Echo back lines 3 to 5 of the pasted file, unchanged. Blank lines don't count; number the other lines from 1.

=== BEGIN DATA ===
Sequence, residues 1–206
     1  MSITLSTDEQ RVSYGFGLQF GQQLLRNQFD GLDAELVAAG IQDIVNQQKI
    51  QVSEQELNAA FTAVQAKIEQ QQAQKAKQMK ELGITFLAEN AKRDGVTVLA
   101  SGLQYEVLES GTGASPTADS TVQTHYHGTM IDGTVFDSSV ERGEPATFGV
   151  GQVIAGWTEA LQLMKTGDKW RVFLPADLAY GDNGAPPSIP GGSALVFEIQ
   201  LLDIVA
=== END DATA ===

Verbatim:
    51  QVSEQELNAA FTAVQAKIEQ QQAQKAKQMK ELGITFLAEN AKRDGVTVLA
   101  SGLQYEVLES GTGASPTADS TVQTHYHGTM IDGTVFDSSV ERGEPATFGV
   151  GQVIAGWTEA LQLMKTGDKW RVFLPADLAY GDNGAPPSIP GGSALVFEIQ